Effective Effective earthing of an Electric Fence is a perennial topic and needs to be well understood as many people still think you can skimp when it comes to adequate earth grounding. What we must all learn is the electricity must complete a full circle back to the energiser through the ground. Poor earthing will result in the reduced transfer of electrons from the ground back to the energiser invariably felt as a weak tingle or weak shocks.
The ground constitutes 50% of the electrical circuit but 90% of all problems originate at poor earthing, either at the earth stake itself or on the fence. Fortunately this is easy to rectify. Additional earth stakes may be added by driving them into the ground about 2m away from the existing stake and joining them together. Copper, Stainless Steel or Galvanized steel rods are best. Mild Steel is a poor option as it will react with the ground chemicals and rust. This layer of Rust will create a poor conducting barrier between the metal and the ground. This should only be used as a temporary measure. All rods should be located in permanently moist soil, under the building eaves, in a river bed, below a dripping tap or in an irrigated flower bed. In particularly dry weather the soil around the stakes may be watered. A legal stipulation requires that an electric fencing earth post to be more than 3m away from a household earth system.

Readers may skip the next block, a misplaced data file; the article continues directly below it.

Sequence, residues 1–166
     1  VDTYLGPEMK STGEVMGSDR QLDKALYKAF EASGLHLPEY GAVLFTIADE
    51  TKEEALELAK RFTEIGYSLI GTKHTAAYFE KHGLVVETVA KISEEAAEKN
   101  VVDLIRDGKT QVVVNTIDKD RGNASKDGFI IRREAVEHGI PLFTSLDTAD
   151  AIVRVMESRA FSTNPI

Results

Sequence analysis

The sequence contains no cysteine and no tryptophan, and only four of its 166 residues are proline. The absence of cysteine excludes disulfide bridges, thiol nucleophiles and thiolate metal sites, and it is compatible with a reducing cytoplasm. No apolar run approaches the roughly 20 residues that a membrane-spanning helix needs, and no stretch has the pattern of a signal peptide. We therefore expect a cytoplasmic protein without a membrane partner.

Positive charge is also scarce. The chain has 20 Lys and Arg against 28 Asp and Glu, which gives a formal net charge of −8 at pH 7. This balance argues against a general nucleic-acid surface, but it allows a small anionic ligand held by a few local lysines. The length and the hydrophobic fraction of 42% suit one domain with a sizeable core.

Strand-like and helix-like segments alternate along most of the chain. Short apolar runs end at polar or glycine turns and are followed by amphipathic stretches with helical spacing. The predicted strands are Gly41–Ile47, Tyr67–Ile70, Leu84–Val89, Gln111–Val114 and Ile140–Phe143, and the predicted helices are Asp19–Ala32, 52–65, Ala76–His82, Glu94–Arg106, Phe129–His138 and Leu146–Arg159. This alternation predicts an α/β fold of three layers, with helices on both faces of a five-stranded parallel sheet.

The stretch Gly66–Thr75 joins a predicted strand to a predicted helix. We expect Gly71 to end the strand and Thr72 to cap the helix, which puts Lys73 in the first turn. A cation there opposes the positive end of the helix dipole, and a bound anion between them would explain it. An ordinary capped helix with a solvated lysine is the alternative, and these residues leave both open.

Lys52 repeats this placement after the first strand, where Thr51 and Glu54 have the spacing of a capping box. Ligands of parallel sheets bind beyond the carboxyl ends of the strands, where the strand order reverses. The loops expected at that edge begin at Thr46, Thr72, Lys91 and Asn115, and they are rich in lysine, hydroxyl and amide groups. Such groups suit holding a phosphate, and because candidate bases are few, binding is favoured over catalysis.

Poor electron transfer from the fence back to the earth stake is less easy to rectify. If the fence extends over 500m in a straight line away from the main earth post it will be necessary to add an additional earth line to the bottom of the fence and bury a stake at those intervals. Wire is a better conductor than ground so a ground rod approximately every 500meters will greatly increase the effectiveness of the fence. This connecting wire does not need to be insulated from the ground BUT must be insulated and separate from the live wires of the fence
A Earth Return Fence
In dry climates or where the soil is very sandy resulting in poor conductivity through the soil, it will be necessary to consider an Earth Return fence. This is where the fence is constructed from equal numbers of live and earth wires to remove the ground from the electrical circuit. The animal is required to touch both wires to achieve the desired effect. An earth post is still utilised to cater for current flow through the ground.
These measures will all contribute to maximising the potential of an electric fence and by improving its effectiveness, allow it to achieve its desired goals.